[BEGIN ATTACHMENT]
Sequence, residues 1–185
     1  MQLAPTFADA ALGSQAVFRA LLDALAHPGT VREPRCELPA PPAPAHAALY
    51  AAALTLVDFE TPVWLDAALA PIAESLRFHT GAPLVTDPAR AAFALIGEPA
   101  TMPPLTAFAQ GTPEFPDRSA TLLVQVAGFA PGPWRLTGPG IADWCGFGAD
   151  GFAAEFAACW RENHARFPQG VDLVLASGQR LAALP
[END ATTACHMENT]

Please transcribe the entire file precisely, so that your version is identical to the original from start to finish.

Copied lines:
Sequence, residues 1–185
     1  MQLAPTFADA ALGSQAVFRA LLDALAHPGT VREPRCELPA PPAPAHAALY
    51  AAALTLVDFE TPVWLDAALA PIAESLRFHT GAPLVTDPAR AAFALIGEPA
   101  TMPPLTAFAQ GTPEFPDRSA TLLVQVAGFA PGPWRLTGPG IADWCGFGAD
   151  GFAAEFAACW RENHARFPQG VDLVLASGQR LAALP